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72 Hours: Isobel Campbell & Mark Lanegan, Janelle Monae, Hard Haunted Mansion among the weekend's best concerts

The weekend's top shows.

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Thursday

Corinne Bailey Rae @ the Avalon. A Grammy darling after the bouncy coffeehouse soul single "Put Your Records On" introduced her to the world in 2006, Rae returned this year with a far deeper, complex and less comfortable album in "The Sea." Jazz and soul are a jumping off point, but Rae's exploring emotional torment here. Songs such as "Diving for Hearts" resist easy classification, packed with late night pianos, unexpected phrasing and jarring surges of guitars. The Avalon, 1735 N. Vine, Los Angeles. Tickets are $27.50, not including surcharges. 

Friday

Isobel Campbell and Mark Lanegan @ the El Rey. Those in need of a pre-Halloween night out can do far worse than this pairing. No costumes necessary, but these are songs that explore the shadows -- a soft, patient collaboration that works its way around moody soul and country crevices. Campbell's delicate voice is a thing of beauty, and Lanegan plays the role of the Beast. Together they're a modern Serge Gainsbourg and Jane Birkin. The El Rey, 515 Wilshire Blvd., Los Angeles. Tickets are $18, not including surcharges

Kate Nash @ the Fonda. The bratty young British pop star went a harsher route on her second album, "My Best Friend Is You," and the results were more winning than not -- at the very least it differentiated her from the loud-mouthed lyrics and cutesy melodies of a Lily Allen. Nash doesn't have the latter's songwriting chops, but songs such as "Kiss the Grrrl" are retro-spunk, and "I Just Love You More" surprises with its Sonic Youth-inspired base. The Music Box, 6126 Hollywood Blvd. Tickets are $20, not including service fees.

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Saturday

Janelle Monae @ the Hollywood Pallidium. She's the opening act, but Monae's sci-fi, psychedelic R&B-pop romp is a trip that's nearly impossible to follow. One doesn't need to know the details of Monae's outer-space storylines, although she may instruct audience members to leave their phasers at the door, to get down with her high-concept sound. There's a reason she's made cheerleaders out of Prince and Big Boi, as this is music that knows no bounds -- a musical escape that hits on classical, rock and funk with a time-traveling urgency. Live, she's an energetic force that demands attention, be it sharp dance moves or reach-for-the-stars ballads. Orchestral pop act Of Montreal will follow, and though the band has its supporters 'round these parts, this is a group blog, and the band's theatrics are a love-it or hate-it type affair. The band is all about the weirdness, but the songs are aren't always there. The Hollywood Pallidium, 6215 Sunset Blvd., Los Angeles. Tickets are $25.50, not including surcharges.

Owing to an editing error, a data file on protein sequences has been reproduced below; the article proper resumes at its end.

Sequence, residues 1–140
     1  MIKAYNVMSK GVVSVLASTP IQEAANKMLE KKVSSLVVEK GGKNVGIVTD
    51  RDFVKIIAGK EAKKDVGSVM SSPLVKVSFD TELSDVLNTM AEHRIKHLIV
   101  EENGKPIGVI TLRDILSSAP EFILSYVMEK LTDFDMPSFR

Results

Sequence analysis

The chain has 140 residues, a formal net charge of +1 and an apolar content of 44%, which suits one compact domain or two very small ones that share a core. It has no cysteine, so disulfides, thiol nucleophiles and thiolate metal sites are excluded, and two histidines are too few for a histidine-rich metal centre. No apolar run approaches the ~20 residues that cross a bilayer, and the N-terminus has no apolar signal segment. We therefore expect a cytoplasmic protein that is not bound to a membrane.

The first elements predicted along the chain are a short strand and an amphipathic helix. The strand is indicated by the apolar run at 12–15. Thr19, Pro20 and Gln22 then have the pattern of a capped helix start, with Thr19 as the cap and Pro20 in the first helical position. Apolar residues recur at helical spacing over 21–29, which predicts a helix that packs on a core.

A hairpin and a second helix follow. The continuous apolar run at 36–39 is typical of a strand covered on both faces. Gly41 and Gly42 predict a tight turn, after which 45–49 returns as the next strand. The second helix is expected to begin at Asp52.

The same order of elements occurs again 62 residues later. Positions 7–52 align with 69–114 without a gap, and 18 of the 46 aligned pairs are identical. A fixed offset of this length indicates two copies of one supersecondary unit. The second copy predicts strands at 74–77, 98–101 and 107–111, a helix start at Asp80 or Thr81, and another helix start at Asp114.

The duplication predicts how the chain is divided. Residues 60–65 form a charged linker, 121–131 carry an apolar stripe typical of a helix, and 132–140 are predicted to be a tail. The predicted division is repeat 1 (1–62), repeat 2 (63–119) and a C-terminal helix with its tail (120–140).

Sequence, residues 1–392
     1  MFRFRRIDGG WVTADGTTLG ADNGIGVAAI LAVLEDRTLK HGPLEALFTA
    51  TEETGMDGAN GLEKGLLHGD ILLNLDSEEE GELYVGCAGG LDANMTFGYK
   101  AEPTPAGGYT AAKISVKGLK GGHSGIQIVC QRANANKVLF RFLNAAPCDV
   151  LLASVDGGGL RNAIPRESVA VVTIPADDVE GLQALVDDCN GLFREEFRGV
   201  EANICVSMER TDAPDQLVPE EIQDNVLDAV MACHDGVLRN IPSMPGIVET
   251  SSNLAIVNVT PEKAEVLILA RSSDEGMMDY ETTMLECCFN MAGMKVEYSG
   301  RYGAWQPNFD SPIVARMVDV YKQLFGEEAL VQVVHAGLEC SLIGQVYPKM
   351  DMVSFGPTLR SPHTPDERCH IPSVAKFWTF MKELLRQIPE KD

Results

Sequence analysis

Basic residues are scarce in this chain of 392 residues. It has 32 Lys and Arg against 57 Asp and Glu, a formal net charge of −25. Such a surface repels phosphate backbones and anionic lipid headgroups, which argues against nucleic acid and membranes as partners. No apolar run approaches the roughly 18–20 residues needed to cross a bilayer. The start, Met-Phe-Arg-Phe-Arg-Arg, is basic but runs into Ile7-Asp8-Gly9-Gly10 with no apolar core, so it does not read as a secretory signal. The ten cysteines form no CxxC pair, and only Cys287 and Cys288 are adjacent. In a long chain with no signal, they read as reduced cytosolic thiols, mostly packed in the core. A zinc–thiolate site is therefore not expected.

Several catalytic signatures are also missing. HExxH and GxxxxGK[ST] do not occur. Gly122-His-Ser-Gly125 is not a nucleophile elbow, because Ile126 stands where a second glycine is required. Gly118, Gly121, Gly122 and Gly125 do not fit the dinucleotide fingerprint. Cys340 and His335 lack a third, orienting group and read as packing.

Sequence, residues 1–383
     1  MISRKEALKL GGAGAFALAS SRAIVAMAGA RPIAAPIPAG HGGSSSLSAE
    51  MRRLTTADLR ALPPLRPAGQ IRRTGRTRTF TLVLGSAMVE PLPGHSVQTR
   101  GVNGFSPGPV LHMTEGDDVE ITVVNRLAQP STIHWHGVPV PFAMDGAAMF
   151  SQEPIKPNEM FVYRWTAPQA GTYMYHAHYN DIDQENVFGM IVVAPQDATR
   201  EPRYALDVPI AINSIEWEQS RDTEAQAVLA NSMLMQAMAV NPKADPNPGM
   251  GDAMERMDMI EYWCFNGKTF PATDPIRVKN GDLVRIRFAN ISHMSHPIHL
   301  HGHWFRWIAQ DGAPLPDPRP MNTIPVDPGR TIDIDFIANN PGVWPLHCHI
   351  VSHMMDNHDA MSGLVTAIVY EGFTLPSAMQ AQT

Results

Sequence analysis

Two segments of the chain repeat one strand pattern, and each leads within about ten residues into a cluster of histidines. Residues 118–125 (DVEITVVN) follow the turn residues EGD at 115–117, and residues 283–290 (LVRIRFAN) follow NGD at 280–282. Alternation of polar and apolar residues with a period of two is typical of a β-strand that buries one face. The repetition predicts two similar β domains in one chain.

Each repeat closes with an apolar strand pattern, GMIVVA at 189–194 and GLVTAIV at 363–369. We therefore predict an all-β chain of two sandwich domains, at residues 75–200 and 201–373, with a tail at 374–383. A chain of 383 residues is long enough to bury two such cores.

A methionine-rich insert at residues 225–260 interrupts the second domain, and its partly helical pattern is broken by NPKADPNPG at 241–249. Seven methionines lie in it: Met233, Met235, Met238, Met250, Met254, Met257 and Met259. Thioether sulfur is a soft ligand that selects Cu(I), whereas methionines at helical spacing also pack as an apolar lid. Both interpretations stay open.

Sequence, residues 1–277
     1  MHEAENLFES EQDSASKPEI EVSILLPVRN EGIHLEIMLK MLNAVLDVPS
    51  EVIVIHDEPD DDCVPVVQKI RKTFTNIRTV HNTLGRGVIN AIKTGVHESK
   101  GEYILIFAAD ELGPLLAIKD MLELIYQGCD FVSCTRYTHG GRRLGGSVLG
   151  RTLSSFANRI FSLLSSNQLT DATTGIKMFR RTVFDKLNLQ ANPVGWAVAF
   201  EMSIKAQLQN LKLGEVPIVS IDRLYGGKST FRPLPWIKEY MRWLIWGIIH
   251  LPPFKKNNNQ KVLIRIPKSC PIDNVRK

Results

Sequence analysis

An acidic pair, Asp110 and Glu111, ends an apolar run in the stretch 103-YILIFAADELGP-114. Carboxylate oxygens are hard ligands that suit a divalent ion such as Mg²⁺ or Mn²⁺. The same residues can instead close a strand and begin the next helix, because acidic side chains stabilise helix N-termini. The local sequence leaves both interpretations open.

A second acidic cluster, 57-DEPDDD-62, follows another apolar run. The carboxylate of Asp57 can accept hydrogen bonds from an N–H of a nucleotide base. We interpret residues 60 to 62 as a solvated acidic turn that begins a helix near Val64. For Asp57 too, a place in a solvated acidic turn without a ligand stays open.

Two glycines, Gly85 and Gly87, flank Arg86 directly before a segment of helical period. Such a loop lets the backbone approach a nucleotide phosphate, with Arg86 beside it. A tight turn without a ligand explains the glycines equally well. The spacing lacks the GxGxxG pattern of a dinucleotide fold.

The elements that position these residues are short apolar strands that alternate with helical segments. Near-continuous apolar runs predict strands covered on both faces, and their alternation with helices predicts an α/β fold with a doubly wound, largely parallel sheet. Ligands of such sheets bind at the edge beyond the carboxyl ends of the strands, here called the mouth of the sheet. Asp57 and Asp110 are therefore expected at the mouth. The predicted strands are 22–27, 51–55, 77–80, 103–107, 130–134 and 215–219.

Pelican @ the Troubadour. The place to see Pelican would have been in Chicago last week, where one could have also snared a pint of the Creeper Doppelbock, a Pelican-inspired beer concocted by Indiana's Three Floyd's Brewery. Alas, time machines are not yet commercially available, and L.A. fans will see Pelican sans Midwest beer, settling instead for the band's carefully crafted waves of noise dotted around some punishing metal riffs. Reunited purveyors of doom Goatsnake open. The Troubadour, 9081 Santa Monica Blvd. Tickets are $15, not including surcharges. 

Sunday

Hard Haunted Mansion @ the Shrine. It's a two-day event, but Saturday is already sold out. Don't feel bad about that, as Saturday will be a traffic nightmare due to the USC Homecoming game, and Sunday's bill (though on a school night) is still relatively strong. Underworld's Karl Hyde and Rick Smith are long past their adventurous heyday, but are crowd-pleasers live, while Nero are dubstep heroes, A-Trak knows his house history and Flying Lotus is at the top of local electronic experimenters. The Shrine Expo Hall, 665 W. Jefferson Blvd. Non-VIP tickets start at $66, not including surcharges. 

--Todd Martens

Images, from top: Isobel Campbell & Mark Lanegan; credit: Lauren Dukoff. Janelle Monae; credit: Jennifer S. Altman.

 
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